The growing market for do-it-yourself products such as TurboTax, along with a geometric increase in low-priced providers, is commoditizing tax preparation services.
During this period, accountants have become confused and frightened by market booms and busts, and have lost confidence in the financial industry in general because of numerous scandals, including Bernie Madoff’s long-lived Ponzi scheme.
In a limited sense, clients probably already regard many accountants as their primary financial advisor. After all, when they receive a financial letter they can’t decipher, when they change jobs or when a parent or spouse dies, they call their accountant — because they trust them.
To this extent, accountants have been giving financial planning advice for years; they just haven’t put that label on it. Nor have they been getting paid for it. Amid the current atmosphere of distrust, accountants can leverage their clients’ trust to become their advisor in a real sense.
Yet, to join them as a partner in their quest for financial independence and retirement security, accountants need to reframe these relationships.
So how do they change the conversation?
Simply by using a tool that I’ve successfully employed in my practice for years: preparing a personal balance sheet. Once clients have and understand their balance sheets, they become aware of a myriad of financial planning needs and an accountants' ability to meet them.
Accountants can get information for the balance sheet during the tax return interview, where planning and wealth management opportunities that may not surface in tax returns can be discovered. These may include dormant IRAs (including Roth IRAs) and 401(k) plans, unused home equity, 529 college savings plans, private equity, brokerage account details and personal debt positions.
As clients talk about their assets and liabilities during the interview, accountants will get a feel for how they deal with their money and, above all, their attitudes toward financial planning issues. Of course, accountants shouldn’t discount the need for technical expertise. Yet technical expertise is for naught if they don’t have a natural, practical way to spark this critical transition.
The chain of information required for the balance sheet begins with tax documents that serve as springboards to fruitful digressions. Comments during these digressions can alert the client to your potential value as a financial advisor.
These documents include the following IRS forms:
- W-2, box 12: This can lead to a general discussion of the client’s 401(k) plan, including whether he or she is contributing enough and the amount currently in the account. Often, clients won’t know this amount or what investments they’ve chosen for their 401(k) plans, so they might then realize that they need advice on managing their plan assets. If the client has a 1099-R, he or she needs to know that the tax impact might have been avoidable. Also, do they have dormant retirement accounts? What are the balances?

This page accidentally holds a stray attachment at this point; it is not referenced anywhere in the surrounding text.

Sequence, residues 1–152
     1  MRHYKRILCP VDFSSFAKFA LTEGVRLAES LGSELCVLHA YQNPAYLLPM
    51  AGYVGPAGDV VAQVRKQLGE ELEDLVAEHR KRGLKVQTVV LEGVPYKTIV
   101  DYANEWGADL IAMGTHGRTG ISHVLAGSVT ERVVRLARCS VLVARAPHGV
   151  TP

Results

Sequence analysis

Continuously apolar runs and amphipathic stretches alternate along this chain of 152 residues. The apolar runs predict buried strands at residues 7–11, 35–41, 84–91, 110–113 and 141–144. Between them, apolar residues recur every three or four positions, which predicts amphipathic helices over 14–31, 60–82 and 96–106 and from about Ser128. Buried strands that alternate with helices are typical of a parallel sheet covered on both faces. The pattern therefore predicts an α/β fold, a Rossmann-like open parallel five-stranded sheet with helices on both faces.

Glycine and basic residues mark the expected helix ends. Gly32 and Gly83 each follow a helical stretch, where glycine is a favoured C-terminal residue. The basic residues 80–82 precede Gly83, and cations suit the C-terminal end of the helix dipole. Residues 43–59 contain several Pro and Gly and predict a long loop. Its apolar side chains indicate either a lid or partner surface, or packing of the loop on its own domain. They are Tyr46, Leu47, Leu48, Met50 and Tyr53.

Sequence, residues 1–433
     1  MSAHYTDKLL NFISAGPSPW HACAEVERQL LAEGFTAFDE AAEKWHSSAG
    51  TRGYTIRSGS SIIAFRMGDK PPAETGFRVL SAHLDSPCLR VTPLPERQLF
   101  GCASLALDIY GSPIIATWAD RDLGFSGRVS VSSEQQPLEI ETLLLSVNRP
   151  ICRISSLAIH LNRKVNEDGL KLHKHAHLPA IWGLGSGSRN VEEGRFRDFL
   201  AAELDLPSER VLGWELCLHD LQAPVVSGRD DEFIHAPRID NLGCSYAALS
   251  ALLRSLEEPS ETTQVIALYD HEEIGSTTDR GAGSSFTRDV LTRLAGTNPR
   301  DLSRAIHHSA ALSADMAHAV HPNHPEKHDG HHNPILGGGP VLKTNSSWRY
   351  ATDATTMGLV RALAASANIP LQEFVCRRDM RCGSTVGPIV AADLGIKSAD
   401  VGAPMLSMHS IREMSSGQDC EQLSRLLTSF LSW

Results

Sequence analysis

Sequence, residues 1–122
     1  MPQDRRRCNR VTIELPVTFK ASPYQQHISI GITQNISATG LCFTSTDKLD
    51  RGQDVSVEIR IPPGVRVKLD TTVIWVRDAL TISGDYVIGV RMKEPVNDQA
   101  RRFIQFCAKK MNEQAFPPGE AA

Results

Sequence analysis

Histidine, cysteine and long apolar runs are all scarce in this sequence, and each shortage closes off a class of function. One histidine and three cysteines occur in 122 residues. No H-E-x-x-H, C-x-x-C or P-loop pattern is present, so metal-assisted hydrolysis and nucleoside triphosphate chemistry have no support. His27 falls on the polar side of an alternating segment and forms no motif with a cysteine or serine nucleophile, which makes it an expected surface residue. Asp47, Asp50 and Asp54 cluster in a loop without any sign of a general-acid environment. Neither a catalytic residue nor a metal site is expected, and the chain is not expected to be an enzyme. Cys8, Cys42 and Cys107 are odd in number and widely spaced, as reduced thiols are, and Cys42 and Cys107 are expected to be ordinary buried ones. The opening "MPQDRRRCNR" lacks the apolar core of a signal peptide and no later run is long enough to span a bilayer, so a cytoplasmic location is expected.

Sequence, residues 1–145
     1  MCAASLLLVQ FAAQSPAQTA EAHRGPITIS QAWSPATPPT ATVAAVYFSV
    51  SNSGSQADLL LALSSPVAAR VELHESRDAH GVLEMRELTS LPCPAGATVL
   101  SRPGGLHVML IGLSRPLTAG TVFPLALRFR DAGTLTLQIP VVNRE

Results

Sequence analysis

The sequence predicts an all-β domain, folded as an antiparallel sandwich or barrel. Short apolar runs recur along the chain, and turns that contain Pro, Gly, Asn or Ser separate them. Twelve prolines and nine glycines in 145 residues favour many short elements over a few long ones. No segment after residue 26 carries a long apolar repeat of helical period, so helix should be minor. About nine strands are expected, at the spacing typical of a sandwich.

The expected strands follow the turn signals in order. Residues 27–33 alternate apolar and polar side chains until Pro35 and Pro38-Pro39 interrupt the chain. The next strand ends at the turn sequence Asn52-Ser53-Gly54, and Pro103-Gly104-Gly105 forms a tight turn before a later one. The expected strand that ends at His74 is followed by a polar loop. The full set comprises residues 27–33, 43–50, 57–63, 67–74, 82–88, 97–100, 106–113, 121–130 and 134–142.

- 1099 INT: How much is in the account? What interest rate is the client getting? What are the goals for this money? Is this account the best way to achieve them? Are they aware that they can save in their children’s names with less tax impact? If the money in the account is for their kids’ education, do they have a 529 plan?
- 1099-B: This can easily lead to a conversation about the client’s strategy for his or her brokerage account and, of course, from whom he’s getting investment advice. If this client has advisors, their effect at this point may yield clues to his or her attitude toward them and, hence, to these advisors’ competitive vulnerabilities regarding service and fees.
- 1098: When discussing this, it’s only natural to ask what interest rate they’re paying. The answer can lead to a conversation about the size of the mortgage, the home’s current value, the amount of equity and whether the mortgage should be refinanced. Do they own any rental property? If so, the same discussion can ensue.
Discussions about mortgages can easily segue into conversations about other debts, starting with car loans. What is the outstanding balance and the interest rate? What is the make, model, year and mileage (indicating current value)? Does the client have a company car? Do they lease a car for their business? If not, point out the tax and personal financial advantages.
While on the subject of monthly payments, credit card debt, that albatross of financial security, may arise. At this point, the client might lament that it will take forever to pay off the cards. Have they considered refinancing their mortgage to pay off this debt?